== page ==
2022 Dad Vail Program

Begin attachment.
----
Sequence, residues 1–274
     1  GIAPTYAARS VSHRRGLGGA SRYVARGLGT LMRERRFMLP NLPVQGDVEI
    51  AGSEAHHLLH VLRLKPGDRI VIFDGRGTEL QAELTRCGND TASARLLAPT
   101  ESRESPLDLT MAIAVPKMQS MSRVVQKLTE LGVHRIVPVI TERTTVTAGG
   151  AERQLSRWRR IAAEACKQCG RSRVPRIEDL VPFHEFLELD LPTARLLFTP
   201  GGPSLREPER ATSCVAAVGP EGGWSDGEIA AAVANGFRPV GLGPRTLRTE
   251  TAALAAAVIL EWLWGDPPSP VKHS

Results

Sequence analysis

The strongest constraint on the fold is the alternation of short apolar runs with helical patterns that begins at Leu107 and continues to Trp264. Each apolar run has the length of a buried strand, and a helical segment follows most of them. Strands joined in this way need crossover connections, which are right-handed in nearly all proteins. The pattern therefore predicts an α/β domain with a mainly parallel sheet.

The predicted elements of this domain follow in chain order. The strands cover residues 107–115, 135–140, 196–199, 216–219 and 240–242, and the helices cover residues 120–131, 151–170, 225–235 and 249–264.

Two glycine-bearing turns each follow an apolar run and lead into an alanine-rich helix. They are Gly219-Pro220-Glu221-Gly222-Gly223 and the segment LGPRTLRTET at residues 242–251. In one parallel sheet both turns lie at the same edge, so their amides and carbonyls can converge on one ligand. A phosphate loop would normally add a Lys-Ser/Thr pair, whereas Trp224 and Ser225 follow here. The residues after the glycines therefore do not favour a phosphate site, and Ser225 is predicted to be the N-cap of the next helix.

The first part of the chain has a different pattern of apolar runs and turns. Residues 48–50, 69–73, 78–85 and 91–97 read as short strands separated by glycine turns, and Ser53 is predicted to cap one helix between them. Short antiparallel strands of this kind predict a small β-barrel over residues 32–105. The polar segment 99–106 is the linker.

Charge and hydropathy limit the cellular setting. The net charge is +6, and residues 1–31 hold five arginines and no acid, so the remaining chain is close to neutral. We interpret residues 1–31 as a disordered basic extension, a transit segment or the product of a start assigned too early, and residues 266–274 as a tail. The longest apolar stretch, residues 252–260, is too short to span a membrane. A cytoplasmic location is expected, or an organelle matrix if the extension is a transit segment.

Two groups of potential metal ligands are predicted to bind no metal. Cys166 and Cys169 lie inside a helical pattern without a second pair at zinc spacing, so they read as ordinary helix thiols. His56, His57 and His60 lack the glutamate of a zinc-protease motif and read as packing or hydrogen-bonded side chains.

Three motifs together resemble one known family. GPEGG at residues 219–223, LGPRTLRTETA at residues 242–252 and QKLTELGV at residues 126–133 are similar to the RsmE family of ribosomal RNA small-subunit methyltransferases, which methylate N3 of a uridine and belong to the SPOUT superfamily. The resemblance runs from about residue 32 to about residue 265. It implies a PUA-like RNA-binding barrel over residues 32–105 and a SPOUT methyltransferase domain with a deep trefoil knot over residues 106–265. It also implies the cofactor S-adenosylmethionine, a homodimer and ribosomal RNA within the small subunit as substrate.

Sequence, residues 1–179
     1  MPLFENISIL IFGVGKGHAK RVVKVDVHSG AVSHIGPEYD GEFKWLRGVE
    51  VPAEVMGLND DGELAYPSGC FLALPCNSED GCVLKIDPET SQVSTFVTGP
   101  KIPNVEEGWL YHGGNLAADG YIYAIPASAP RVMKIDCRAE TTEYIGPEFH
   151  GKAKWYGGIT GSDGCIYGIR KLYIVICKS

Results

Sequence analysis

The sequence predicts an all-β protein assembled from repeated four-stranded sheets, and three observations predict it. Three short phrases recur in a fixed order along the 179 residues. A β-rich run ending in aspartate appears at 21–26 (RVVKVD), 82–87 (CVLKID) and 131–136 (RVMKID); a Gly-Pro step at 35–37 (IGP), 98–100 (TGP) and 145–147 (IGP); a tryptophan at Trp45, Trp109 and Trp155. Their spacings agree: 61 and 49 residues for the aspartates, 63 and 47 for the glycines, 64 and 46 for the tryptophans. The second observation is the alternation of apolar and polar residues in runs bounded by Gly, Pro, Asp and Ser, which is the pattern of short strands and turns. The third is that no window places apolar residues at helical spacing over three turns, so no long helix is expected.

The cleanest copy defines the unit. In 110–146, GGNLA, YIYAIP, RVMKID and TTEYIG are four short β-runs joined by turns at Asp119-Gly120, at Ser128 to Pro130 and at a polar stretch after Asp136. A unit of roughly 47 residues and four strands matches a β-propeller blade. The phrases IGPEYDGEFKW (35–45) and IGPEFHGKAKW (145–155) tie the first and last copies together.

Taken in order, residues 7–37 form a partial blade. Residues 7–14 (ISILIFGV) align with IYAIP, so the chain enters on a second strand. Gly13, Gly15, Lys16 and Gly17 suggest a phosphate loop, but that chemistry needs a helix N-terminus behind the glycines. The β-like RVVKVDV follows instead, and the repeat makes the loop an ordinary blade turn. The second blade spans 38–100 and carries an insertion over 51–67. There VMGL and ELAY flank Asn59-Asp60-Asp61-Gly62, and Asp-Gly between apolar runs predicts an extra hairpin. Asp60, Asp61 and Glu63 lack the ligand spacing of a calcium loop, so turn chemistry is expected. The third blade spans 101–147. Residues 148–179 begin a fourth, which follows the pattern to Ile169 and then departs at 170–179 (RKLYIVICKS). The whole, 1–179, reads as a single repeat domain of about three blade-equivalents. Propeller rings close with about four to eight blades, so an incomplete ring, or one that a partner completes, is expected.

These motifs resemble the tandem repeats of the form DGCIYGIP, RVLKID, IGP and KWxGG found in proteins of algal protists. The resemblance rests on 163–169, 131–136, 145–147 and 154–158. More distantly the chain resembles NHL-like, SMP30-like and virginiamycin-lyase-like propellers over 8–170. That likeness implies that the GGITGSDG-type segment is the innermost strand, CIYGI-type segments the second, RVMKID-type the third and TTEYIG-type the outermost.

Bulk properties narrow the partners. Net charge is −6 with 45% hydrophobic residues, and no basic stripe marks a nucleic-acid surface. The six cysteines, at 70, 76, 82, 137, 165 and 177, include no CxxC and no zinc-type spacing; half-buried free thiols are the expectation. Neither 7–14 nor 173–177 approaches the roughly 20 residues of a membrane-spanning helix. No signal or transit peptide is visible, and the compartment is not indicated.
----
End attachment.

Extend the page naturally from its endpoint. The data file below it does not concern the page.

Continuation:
255YEARS AGO By Claire Savage The banks of the Schuylkill River roared with 10-15 thousand spectators on Saturday, May 10, 1997. The Temple Owls sought to claim their ninth consecutive Dad Vail Regatta victory in the Men’s Heavyweight Eight. The Owls were prepared to repeat history, and the history was that Temple was going to win. The 1997 varsity eight boat treated the historic race as a business. The 1996 boat had kept the streak alive by sailing to an eighth-straight Dad Vail title. The Owls had the pressure to keep the winning streak alive and to maintain Temple’s legacy Despite figuring out the boat’s chemistry throughout the season, the 1997 crew were ready to rise to the occasion. Made up of Steven Panzik, Peter Gergo III, John Clark, Kevin Gross, Igor Francetic, Brendan Duke, Nathan Swick, Jason Read, and coxswain Reade Palmer, the crew was blended together from different nations. The crew was composed of members from Canada, Ireland, Croatia, and the United States. The young boat had a mix of youthful energy, racing experience, and attitude. This was the race that Temple wanted to win in front of their home crowd, and they had their eyes set on the bigger picture. The crew was aiming to figure out their identity throughout the season but by the end of the season they were moving as fast as a Temple boat had moved at that point. Palmer, the coxswain of the crew, transferred to Temple for his sophomore year. He melded together the different backgrounds and personalities of the crew. Palmer was a natural leader who had standards, and with that came requirements. He laid down the mission to the crew and they came down the racecourse ready to attack. Maintaining the streak of the Dad Vail Championships was the standard. Generations of guys who won the first Dad Vail stood there waiting and expected the crew to win. It wasn’t the pressure to win, it the pressure not to lose. The relationship between the coxswain and stroke seat is unmatched. “An intense bond develops between you and the coxswain,” remembered Read. “He had the ability to pull the words that I was thinking out of me and articulate them to the crew.” This skill allowed the Owls to hook and send the shell simultaneously. The chatter and talk leading up to the race added pressure to the crew. “I think you're foolish if you don't have a little bit of nerves when you step up to that line,” said senior bow seat and captain Panzik. “Once that first stroke went off there wasn't a doubt in my mind that there was no way the streak was going end with us.” Temple laid down the rhythm of the boat from start to finish, and they had no doubt in their mind that they were going to win. “All I thought about was that it was never enough, we couldn’t win by enough”, said Read. “The Schuylkill is our home venue and we wanted to be the fastest boat on the Schuylkill regardless of what lead we were in. We wanted to be the fastest eight and we were.” The Owls picked off the race strong and confident. “All we knew was to pull and go”, said Panzik. They got out and stayed out and never looked back. The crew pressed through the foot plates and hung every ounce of bodyweight on the end of their blade from start to finish. Florida Tech tried to push their bow ball ahead, but it was too late. The Owls crossed the finish line five seconds ahead of Florida Tech, and the entire boat took a deep sigh of relief. “It was a huge weight off of our shoulders when we crossed that finish line”, said Gergo III. They did it. They kept the streak alive. Although Panzik went on to take his last strokes in his Temple uni, he would go on to set Temple up for what would become the longest winning streak in the Men’s Heavyweight Eight at the Dad Vail Regatta. Whether it was the pressure, or the comradery between the crew, the outcome was the same, Temple takes the title. Again. We Couldn’t Win By Enough

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